Trump Makes Vietnam Veterans Day Official Holiday

President Donald Trump meets U.S. Vietnam Veterans on November 10, 2017 (White House/D. Myles Cullen)
President Donald Trump meets U.S. Vietnam Veterans on November 10, 2017 (White House/D. Myles Cullen)

Americans celebrate Vietnam Veterans Day annually on March 29 thanks to a measure signed into law by President Donald Trump in 2017.

The holiday, officially known as National Vietnam War Veterans Day, was made official by Trump through the "Vietnam War Veterans Recognition Act of 2017," and encourages Americans to display the U.S. flag in honor of Vietnam veterans.

A similar holiday was previously observed on March 29, 2012, through a proclamation signed by then-President Barack Obama. That year marked the start of a 13-year-long celebration honoring Vietnam War veterans that runs through Veterans Day 2025.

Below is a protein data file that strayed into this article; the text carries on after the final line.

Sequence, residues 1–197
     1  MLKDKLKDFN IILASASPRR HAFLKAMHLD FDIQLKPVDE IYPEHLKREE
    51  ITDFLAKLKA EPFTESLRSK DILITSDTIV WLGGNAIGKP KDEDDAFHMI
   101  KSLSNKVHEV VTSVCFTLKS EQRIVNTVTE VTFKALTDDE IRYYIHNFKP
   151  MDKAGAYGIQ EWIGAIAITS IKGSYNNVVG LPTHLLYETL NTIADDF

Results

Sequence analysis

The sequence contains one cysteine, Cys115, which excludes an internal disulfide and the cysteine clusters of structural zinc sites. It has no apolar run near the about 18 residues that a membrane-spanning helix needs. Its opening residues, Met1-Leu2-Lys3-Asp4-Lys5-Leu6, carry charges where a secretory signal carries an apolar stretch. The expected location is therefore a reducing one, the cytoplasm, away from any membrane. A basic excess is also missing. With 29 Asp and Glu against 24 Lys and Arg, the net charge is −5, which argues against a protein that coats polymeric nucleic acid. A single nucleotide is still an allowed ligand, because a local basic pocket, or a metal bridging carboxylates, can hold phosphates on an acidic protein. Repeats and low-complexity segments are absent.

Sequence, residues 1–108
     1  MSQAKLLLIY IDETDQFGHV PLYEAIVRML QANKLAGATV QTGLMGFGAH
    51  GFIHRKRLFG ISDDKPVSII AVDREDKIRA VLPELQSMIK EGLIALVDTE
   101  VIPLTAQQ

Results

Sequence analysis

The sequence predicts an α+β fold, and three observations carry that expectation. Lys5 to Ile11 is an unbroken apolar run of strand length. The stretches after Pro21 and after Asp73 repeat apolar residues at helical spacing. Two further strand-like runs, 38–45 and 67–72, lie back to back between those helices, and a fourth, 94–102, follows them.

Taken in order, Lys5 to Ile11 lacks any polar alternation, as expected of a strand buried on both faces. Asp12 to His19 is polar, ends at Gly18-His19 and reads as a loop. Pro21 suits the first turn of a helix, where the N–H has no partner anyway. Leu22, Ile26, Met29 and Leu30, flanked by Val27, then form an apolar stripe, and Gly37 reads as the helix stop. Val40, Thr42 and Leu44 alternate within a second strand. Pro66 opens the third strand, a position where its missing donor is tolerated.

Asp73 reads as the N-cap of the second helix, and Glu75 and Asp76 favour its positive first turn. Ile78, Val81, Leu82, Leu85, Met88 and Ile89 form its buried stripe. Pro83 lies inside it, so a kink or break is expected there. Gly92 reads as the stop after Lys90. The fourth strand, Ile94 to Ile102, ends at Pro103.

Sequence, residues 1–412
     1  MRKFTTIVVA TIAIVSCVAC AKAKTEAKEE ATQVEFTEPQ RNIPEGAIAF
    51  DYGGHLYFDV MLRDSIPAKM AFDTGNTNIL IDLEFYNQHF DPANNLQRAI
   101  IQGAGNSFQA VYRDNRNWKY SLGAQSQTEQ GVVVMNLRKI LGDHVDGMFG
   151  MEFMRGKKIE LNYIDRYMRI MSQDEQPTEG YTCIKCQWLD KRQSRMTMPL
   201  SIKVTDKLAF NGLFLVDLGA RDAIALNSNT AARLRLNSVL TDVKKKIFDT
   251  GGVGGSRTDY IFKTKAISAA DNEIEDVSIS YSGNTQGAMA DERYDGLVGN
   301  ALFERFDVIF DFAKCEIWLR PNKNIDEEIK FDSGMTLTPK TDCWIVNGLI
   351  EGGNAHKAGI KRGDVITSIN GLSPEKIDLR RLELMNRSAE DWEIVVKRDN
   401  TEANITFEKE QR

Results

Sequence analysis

In November 2017, Trump marked Veterans Day and the commemoration of the 50th anniversary of the Vietnam War by meeting with U.S. veterans in Vietnam.

"One of my great honors is to represent the people standing right behind me -- great, great warriors and veterans of the Vietnam War," he said during a meeting with veterans at a hotel in Danang, Vietnam. "To each of you with me today, you are the heroes who fulfilled your duty to our nation. And each of you, under the most difficult conditions, did what you had to do, and you did it well."

During that meeting, Trump also pledged to continue to support efforts by the Pentagon's POW/MIA Accounting Agency (DPAA), which works worldwide to recover the remains of U.S. troops missing in combat.

"Our accountability efforts in Vietnam are very, very important to all of us. We will not rest until all of the 1,253 missing veterans are returned home," he said. "Our veterans are a national treasure, and I thank them all for their service, sacrifice and patriotism."

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